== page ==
The Prime Lending Rate – sometimes just called “Prime” – is the interest rate that banks charge each other for overnight loans. Some consumer rates – like ARMs – are set in relation to Prime.
In the US, Prime is affected by the Federal Reserve lending rate to banks; historically, Prime is about 3 percent above the Fed rate.
The video shows an example.
- The Federal Reserve loans to Bank A at 1%
- Bank A loans to Bank B at 4%
- Both banks – A & B – will recalculate variable-rate loans like ARMs on that 4% Prime figure.
ARM rates are frequently defined as “% above Prime” – that gap is usually called the “margin” or “spread.” Just remember those 3 layers in Prime: Federal Reserve Bank A Bank B And finally, YOUR rate.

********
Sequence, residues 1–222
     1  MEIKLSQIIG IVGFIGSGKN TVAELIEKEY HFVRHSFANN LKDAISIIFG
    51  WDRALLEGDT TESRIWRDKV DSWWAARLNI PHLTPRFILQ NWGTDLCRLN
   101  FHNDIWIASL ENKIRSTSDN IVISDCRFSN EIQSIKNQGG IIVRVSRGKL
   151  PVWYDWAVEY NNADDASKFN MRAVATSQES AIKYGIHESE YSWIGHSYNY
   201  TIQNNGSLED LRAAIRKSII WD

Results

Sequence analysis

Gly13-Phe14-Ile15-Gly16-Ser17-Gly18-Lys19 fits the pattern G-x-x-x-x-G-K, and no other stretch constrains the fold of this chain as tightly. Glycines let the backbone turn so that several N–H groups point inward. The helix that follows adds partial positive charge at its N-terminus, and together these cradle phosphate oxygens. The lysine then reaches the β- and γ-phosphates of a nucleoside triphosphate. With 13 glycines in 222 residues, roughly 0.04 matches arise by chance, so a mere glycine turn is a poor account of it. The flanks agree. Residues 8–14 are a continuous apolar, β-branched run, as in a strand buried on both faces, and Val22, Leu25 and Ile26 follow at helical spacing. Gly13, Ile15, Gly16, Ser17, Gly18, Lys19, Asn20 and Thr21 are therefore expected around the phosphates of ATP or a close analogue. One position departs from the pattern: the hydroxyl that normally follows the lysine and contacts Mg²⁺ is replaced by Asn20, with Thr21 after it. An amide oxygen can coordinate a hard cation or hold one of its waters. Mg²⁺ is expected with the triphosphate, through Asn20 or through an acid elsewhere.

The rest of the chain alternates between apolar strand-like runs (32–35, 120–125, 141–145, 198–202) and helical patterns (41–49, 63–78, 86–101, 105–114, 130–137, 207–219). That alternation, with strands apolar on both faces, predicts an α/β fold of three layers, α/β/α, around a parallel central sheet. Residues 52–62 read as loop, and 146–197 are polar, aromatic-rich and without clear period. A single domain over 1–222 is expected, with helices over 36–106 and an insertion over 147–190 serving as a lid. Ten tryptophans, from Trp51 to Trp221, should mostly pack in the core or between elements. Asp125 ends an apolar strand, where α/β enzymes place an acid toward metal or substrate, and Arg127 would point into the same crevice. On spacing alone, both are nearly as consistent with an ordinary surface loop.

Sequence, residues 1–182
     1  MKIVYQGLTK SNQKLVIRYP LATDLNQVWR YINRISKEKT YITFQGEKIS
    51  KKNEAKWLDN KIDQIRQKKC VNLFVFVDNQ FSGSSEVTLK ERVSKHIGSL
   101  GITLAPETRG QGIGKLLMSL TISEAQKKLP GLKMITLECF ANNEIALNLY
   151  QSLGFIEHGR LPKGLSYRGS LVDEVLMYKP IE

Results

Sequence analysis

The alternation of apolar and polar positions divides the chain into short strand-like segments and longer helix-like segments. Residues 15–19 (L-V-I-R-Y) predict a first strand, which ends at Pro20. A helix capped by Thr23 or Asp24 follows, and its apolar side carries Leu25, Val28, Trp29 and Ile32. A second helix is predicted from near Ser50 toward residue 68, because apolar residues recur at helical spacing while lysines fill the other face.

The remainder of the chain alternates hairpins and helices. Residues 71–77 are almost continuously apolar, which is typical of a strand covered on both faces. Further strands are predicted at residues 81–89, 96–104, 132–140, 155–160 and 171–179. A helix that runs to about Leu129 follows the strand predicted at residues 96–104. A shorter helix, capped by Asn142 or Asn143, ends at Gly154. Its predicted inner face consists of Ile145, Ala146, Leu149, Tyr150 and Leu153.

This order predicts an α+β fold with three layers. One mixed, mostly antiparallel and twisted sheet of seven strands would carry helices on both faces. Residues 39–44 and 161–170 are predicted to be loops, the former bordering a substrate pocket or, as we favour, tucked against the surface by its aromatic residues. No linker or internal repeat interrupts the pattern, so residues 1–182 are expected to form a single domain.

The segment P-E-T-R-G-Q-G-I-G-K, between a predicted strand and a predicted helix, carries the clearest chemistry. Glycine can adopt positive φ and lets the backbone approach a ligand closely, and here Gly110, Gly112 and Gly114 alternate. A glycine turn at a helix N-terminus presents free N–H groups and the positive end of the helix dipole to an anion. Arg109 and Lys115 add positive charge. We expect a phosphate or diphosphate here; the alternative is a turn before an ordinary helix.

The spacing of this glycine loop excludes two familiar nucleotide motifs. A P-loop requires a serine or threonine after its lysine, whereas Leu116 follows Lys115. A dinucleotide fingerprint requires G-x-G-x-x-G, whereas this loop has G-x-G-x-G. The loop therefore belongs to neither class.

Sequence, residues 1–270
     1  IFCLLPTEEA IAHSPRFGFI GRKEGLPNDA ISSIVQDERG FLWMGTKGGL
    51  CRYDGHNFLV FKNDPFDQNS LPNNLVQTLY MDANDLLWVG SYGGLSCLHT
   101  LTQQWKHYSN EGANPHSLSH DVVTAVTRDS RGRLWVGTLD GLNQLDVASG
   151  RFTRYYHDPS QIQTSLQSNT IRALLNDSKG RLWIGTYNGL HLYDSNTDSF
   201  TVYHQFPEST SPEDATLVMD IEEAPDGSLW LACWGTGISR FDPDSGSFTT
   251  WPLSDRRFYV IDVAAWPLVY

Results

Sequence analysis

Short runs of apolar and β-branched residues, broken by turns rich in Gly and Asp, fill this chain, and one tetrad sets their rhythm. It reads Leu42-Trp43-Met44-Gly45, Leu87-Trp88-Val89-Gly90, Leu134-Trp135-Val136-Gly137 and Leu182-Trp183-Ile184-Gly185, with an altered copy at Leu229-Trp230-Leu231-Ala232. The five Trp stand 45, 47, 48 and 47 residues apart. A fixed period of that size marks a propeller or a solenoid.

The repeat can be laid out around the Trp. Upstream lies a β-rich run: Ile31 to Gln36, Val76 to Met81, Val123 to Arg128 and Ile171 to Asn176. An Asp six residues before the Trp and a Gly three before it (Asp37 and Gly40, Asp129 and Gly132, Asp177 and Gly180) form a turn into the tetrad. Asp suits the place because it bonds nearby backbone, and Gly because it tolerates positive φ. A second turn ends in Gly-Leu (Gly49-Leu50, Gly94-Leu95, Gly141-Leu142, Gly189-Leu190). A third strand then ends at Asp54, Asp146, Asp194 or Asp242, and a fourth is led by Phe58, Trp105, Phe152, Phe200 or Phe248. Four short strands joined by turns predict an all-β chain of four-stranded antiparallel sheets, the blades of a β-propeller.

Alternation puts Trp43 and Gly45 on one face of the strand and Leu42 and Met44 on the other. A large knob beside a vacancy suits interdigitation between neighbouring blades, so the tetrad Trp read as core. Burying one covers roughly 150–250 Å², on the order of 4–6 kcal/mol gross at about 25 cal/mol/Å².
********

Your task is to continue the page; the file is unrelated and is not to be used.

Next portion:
Latest posts by TitleTap (see all)
- A guide to building + marketing your solo law firm website - November 19, 2020
- TitleTap’s New and Improved Net Sheet Rate Calculator Can Help You Close More Real Estate Faster! - November 18, 2020
- How to land more clients as a solo attorney - November 4, 2020